(Editor's note: Corrects reference to Carnegie Corporation in final paragraph.)
(CNSNews.com) - At a time when the Union of Concerned Scientists (UCS) is censuring free market organizations for accepting donations from ExxonMobil, critics have turned the spotlight back onto the UCS, its left-wing positions, and its own funding practices.
In a recent report, the UCS charged that organizations are using oil industry money to create public uncertainty about what it calls "consensus" about climate change and the role of human activity in affecting temperatures see related story. Organizations named in the report have denied the claims.
The UCS describes itself as an "alliance" of over 200,000 citizens and scientists that initially came together in 1969. It integrates "independent scientific research" with "citizen action" for the purpose of developing and implementing "changes to government policy, corporate practices and consumer choices."
But critics say it is an openly political group.
According to James Dellinger, executive director of Greenwatch - a project of the Capital Research Center - the UCS has a long financial association with elements that have a "partisan view of science."
David Martosko, executive director of ActivistCash.com - a division of the Center for Consumer Freedom - agrees. He told Cybercast News Service the UCS would be "more aptly named the Union of Pro-Regulation, Anti-Business Scientists."
University of Virginia environmental scientist Fred Singer, labeled a "climate contrarian" by the UCS, told Cybercast News Service that the union had "zero credibility as a scientific organization" and was more akin to "pressure groups like Greenpeace."
The UCS receives substantial donations from liberal-leaning foundations, and a number of the donations are earmarked for specific studies, used to promote positions on issues including the environment, disarmament and criticism of missile defense initiatives.
Private foundations cumulatively spend tens of millions of dollars annually on climate change projects, according to information made available through the foundations' websites.
2000 - a $25,000 Carnegie Corporation of New York grant for "dissemination of a report on National Missile Defense."
2002 - a $1 million Pew Memorial Trust grant "to support efforts to increase the nation's commitment to energy efficiency and renewable energy as a cornerstone of a balanced and environmentally sound energy policy."
2003 - a $500,000 Energy Foundation grant over two years "to continue to support a national renewable portfolio standard education and outreach effort."
2004 - a $50,000 Energy foundation grant "to design and implement the Regional Greenhouse Gas Initiative carbon market in the Northeast."
2004 - a $100,000 Energy foundation grant "to study the impacts of climate change on California using the latest climate modeling."
2004 - a $600,000 Energy foundation grant over two years "to promote renewable energy policy at the federal and state levels, with a focus on the Midwest, the Northeast, and California."
In a new book, Bonner Cohen, a senior fellow at the National Center for Public Policy Research, observes that a number of environmental activists have expressed exasperation over the amount of "strings attached to the foundation grants" that reduce their independence.
History of activism
Myron Ebell, director of energy and global warming policy at Competitive Enterprise Institute (CEI) -- another group listed in the UCS report -- holds the organization in low esteem.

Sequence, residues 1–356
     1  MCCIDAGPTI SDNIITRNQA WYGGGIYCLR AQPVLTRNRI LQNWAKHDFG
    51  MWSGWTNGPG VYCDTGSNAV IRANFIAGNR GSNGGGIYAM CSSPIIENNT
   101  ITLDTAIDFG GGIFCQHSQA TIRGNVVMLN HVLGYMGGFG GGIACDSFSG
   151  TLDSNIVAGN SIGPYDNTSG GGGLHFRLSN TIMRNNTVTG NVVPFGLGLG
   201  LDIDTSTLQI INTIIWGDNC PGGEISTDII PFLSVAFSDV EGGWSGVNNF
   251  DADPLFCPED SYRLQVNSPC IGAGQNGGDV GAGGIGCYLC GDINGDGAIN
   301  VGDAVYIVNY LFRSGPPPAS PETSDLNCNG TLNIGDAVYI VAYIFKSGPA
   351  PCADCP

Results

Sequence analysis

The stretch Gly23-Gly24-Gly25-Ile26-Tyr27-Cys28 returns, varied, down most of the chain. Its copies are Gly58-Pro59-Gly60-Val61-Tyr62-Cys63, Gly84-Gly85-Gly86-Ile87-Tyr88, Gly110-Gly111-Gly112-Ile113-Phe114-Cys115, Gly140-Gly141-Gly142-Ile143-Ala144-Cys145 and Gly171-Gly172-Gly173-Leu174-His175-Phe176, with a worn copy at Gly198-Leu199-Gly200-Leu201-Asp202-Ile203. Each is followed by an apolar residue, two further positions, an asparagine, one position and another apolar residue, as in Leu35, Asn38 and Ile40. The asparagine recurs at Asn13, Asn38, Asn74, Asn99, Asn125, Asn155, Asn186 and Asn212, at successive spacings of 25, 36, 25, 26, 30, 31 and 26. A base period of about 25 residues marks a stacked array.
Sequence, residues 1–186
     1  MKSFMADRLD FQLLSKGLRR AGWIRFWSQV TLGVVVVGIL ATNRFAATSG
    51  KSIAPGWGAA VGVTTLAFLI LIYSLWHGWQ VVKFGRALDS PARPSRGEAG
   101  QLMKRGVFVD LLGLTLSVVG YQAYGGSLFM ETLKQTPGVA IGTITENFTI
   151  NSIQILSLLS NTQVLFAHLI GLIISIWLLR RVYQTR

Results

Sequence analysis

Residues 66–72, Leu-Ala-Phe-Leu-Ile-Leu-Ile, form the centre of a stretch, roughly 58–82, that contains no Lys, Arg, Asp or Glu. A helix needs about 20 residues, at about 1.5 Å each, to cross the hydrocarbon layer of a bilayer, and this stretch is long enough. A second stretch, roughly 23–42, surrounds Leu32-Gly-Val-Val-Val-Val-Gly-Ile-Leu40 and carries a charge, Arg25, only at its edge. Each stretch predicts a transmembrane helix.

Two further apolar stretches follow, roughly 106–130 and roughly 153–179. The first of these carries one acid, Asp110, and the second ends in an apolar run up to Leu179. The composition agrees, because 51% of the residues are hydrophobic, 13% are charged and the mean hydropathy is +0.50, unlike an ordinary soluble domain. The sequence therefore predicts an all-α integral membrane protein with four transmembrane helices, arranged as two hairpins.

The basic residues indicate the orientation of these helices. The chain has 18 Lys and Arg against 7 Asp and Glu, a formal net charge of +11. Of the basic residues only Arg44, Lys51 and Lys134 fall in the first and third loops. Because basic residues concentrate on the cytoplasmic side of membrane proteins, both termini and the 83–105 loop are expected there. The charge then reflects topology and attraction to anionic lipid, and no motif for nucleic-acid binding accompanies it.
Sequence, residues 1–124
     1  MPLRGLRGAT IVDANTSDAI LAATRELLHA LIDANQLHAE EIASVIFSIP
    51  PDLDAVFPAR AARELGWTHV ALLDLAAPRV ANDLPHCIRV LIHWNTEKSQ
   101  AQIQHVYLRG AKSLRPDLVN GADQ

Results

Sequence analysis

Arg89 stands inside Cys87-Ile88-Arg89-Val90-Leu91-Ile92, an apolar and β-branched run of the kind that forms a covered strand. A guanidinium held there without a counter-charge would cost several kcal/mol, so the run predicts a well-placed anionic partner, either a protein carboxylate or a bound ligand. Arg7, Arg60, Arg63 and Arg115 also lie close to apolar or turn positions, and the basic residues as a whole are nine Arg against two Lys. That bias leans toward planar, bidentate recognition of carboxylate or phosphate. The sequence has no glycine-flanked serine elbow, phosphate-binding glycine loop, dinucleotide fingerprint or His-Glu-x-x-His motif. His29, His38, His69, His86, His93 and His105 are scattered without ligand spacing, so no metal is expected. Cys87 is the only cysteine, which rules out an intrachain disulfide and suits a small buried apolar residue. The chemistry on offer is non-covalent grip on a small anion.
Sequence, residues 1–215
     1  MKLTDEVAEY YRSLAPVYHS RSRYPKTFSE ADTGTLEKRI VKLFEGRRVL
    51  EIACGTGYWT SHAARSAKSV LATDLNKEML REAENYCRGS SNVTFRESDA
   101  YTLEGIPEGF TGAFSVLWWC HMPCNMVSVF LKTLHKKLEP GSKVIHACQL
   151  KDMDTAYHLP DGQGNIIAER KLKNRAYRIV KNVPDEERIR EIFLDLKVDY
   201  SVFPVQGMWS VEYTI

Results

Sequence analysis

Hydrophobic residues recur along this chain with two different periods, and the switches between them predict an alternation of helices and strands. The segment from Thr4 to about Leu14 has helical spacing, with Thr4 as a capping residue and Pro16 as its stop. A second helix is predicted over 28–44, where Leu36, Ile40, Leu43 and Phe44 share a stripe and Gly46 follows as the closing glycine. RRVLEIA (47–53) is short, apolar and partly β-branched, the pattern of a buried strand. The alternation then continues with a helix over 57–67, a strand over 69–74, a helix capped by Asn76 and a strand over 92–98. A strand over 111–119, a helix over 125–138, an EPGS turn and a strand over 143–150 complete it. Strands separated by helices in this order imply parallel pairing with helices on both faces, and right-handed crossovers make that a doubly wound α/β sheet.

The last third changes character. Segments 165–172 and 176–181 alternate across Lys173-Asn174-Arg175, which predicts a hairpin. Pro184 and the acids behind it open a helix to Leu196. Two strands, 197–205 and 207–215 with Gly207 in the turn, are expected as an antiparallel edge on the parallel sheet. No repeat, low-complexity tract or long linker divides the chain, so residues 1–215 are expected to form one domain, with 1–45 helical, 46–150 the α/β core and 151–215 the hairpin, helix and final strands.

"The name suggests everyone involved is some kind of objective scientist, but they tend to be leftist political activists," he said. "Facts mean very little to them."
Cohen told Cybercast News Service the UCS had a "remarkably benign view of the Soviet Union during the 1970s and 1980s and undertook extraordinary efforts to discourage the U.S. from countering whatever moves the Soviet Union was making to enhance its own nuclear arsenal."
When President Reagan was in the White House, the UCS was an ardent supporter of the "nuclear freeze movement" that was designed as a counterbalance to the U.S. administration's pursuit of a stronger national defense, Cohen said.
This was acknowledged by some of the more prominent activists speaking on behalf of the organization in that era.
"The [nuclear freeze] movement owes its momentum to Reagan," John Marks, a UCS member said in 1981. "What binds these people together is the notion that the world is getting closer to nuclear war. People don't feel safer with more missiles."
In 1983, Reagan announced his proposal for the Strategic Defense Initiative (SDI), a missile defense system that would be positioned in outer space. The following year, the UCS convened a panel that determined the system was "technologically unattainable."
Moreover, Henry Kendall, the late MIT physics professor and a UCS founder member, proclaimed Reagan's plan would "de-stabilize" and upset the strategic balance.
Carl Sagan, the late astronomer and popular science writer from Cornell University, worked in cooperation with other UCS members to organize a 15-city tour for Democratic presidential nominee Walter Mondale in 1984.
The union's opposition to missile defense came full circle during the current Bush administration when the president announced in 2002 he was withdrawing from the 1972 Anti-Ballistic Missile Treaty.
The withdrawal gave the U.S. more latitude to pursue a ballistic missile shield to protect America from missile attack by rogue states or terrorist groups.
The UCS is working to derail the project and to that end has received considerable financial support from the Carnegie Corporation, according to the Capital Research Center.
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